Alexey Ivanov

## 1015 Reputation

10 years, 53 days

## Where is the value of U0?...

```restart;
U0 := 110; #for instance
U := U0*exp(-(1/10)*t)*cos(2*t);
plot(U, t = -25 .. 50);
smartplot(U)```
```restart; U0 := 110;
U := t-> U0*exp(-(1/10)*t)*cos(2*t);
plot(U(t), t = -25 .. 50);
smartplot(U(t))```

## Maybe RootFinding [Isolate]?...

I suspect that we are talking about real solutions.

## It seems that it will be closer to the t...

```restart;
f := exp(t)+exp(-t^2-2*t);
g := exp(-t^2)+exp(-t^2-2*t);
solve([f-g], t);
plot([f, g], t = -3 .. 3, discont = true, color = [red, blue])```

You have one equation with three variables, It has a periodic solution in the form of inclined "tubes". Solution for a single "tube" can be obtained numerically using the Draghilev method, or another numerical method. After that, you can select the desired range for each variable from the resulting set of solutions.
In Maple Pi, not pi.

```restart; with(plots):
f := cos(2*Pi*(x+y-2*z))+cos(2*Pi*(y+z-2*x))+cos(2*Pi*(z+x-2*y));
#solve({f, 0 <= x, x <= 1, y <= 1, z <= 1, x < y, y < z}, [x, y, z], explicit);
implicitplot3d(f, x = -.5 .. .5, y = -.5 .. .5, z = -.5 .. .5, axes = normal, numpoints = 5000, color = blue, transparency = .5, style = surface, scaling = constrained, axes = boxed)```

## For example...

I remember that similar questions have already arisen many times.
For example, there is such a technique

`a := `(3*Pi)/10`; print(a)`

## For example, using Draghilev's method...

In this case, this method gives a parametric solution. In the text of the program, the Draghilev method is highlighted in green.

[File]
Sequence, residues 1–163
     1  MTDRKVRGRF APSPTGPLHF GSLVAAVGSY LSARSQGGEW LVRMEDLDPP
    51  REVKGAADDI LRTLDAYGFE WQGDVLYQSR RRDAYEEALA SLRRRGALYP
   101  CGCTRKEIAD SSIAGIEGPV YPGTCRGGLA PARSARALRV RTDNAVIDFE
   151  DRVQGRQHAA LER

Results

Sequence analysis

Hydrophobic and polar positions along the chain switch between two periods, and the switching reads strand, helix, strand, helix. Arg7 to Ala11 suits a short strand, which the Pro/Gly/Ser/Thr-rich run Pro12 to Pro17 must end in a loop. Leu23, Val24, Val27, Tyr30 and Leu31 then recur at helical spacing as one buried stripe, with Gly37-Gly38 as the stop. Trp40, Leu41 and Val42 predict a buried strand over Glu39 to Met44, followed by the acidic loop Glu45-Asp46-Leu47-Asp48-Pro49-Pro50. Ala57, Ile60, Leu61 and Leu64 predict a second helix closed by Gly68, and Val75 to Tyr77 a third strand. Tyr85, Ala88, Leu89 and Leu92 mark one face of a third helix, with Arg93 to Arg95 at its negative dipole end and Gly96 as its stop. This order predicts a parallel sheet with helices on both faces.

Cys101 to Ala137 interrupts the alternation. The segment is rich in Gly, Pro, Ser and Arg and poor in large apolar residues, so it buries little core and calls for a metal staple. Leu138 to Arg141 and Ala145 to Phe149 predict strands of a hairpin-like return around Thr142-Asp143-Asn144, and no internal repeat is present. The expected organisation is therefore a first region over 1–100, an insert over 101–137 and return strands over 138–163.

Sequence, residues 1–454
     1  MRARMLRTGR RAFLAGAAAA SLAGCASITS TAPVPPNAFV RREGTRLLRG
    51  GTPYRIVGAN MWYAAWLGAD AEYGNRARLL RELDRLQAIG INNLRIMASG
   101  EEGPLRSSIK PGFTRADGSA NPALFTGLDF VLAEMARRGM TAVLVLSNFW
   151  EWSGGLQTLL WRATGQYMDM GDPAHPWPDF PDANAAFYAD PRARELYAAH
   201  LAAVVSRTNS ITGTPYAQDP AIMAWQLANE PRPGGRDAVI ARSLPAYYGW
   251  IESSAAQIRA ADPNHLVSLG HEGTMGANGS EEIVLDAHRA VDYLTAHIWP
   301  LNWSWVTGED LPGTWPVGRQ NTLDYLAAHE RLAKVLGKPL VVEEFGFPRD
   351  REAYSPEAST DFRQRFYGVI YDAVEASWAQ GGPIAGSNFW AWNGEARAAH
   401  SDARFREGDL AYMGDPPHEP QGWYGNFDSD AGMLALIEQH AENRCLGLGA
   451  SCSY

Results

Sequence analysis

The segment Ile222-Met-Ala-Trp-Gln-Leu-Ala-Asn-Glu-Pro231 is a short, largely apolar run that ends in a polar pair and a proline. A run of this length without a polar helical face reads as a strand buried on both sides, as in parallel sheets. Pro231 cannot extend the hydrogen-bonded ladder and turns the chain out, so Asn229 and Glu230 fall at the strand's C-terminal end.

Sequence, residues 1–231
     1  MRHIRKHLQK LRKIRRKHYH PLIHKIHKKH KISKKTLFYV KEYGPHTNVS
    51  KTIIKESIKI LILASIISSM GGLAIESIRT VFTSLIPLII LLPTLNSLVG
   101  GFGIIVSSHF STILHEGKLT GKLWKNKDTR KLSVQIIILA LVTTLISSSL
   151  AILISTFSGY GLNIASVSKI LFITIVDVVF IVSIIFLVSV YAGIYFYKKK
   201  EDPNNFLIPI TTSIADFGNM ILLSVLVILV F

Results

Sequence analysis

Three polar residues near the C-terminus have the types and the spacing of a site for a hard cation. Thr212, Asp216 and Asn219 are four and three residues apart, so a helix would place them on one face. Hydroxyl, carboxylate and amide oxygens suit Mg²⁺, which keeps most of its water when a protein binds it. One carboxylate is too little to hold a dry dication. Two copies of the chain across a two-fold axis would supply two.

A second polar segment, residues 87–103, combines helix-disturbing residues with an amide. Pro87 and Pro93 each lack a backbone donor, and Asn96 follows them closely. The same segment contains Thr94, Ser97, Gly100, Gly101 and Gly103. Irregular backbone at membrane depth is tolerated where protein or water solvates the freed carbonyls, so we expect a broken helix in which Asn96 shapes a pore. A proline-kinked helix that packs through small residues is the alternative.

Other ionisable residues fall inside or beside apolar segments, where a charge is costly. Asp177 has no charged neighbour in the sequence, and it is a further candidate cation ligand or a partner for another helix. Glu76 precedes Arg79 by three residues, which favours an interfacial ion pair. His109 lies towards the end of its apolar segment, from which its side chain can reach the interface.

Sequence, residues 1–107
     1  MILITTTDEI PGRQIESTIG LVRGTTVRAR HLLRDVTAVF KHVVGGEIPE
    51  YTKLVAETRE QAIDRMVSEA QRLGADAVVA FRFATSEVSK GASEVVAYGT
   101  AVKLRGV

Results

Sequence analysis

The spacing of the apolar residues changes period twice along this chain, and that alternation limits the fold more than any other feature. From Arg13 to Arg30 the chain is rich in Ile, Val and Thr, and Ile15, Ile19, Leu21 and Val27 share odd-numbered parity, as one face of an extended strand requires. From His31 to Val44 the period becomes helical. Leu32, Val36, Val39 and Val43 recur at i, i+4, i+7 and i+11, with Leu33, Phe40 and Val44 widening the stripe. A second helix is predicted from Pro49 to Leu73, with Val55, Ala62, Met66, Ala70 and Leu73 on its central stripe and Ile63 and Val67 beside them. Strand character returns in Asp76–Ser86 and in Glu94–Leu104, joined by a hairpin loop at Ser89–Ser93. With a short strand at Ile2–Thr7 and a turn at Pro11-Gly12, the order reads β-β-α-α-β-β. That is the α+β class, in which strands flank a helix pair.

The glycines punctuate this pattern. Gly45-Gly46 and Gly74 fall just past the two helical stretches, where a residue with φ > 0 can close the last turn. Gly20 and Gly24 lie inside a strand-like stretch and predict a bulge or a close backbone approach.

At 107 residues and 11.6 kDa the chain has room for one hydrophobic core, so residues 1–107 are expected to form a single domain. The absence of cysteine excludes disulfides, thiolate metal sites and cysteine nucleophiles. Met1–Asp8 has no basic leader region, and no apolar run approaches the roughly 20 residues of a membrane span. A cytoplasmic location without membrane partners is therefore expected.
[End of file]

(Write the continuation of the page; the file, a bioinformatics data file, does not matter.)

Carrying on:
CURVE_3d.mw
(If satisfied with numerical parameterization, the examples can be very complex. But as far as analytical parameterization is concerned, even in this case, the method can perform an example more complicated.)

## And if you do this?...

solve(r2,{ksi});  or  fsolve(r2);

## transparency...

And if just combine "transparency" and "thickness"?
For example

```restart: with(plots):
f1:=x->0.95*x;
f2:=x->0.99*x;
f3:=x->0.991*x;
p1:=plot(f1(x),x=0..2,color=red,legend = f1(x)):
p2:=plot(f2(x),x=0..2,color=blue,legend = f2(x)):
p3:=plot(f3(x),x=0..2,color=green,thickness = 10, transparency = .7, legend = f3(x)):
display(p1,p2,p3);
```

## Draghilev method...

Just in case, search for "Draghilev method" (or Dragilev here:
https://www.maplesoft.com/applications/view.aspx?SID=149514 )
The method, in particular, finds continuous solutions of systems with free variables (underdetermined systems of equations).

## For instance...

You can do this:

``` restart:
a := plot({seq((6*x-2*t)/x^2, t = 1 .. 3)}, x = -1 .. 5, y = -1 .. 6):
b := plot(3/x, x = 0 .. 5, y = -1 .. 6, color = black, thickness = 3):
plots[display](a, b)```

## Because there are strict zeros...

Since childhood, I try to avoid strict zeros in coordinates (and generally avoid strictly identical values) due to formulas, because expressions may be nullified after substitution. It is better to shift the point o or d along the oX axis, for example:

```restart:
with(geometry):
point(o, 0.1e-11, 0.);
point(A, 0., 1.);
point(d, 0., 2.);
point(F, .8944271920, 1.4472135960);
line(lOD, [o, d]);
line(lAF, [A, F]);
alpha := FindAngle(lOD, lAF);
```

alpha = 1.107148718

## For example...

CompleteSquare(x^2+y^2-2*x-y-2 = 10, x);

## Try solve...

```restart:
EQ1:=-1958143.922*k*wr+2468.8339*k^3*wr-0.9481118254e16*k^2-114000.8376*k^4:
EQ2 :=-1186578.220*R*k^2*wr-312683.0293*k^5-288960.9621*k^3*R:
allvalues(solve([EQ1, EQ2], [k, wr]));```

## I think he just changed his interests a ...

Looks like he's alive and well. Those who have lost hope of communicating with this person can find him, for example, here and here.

## Draghilev Method...

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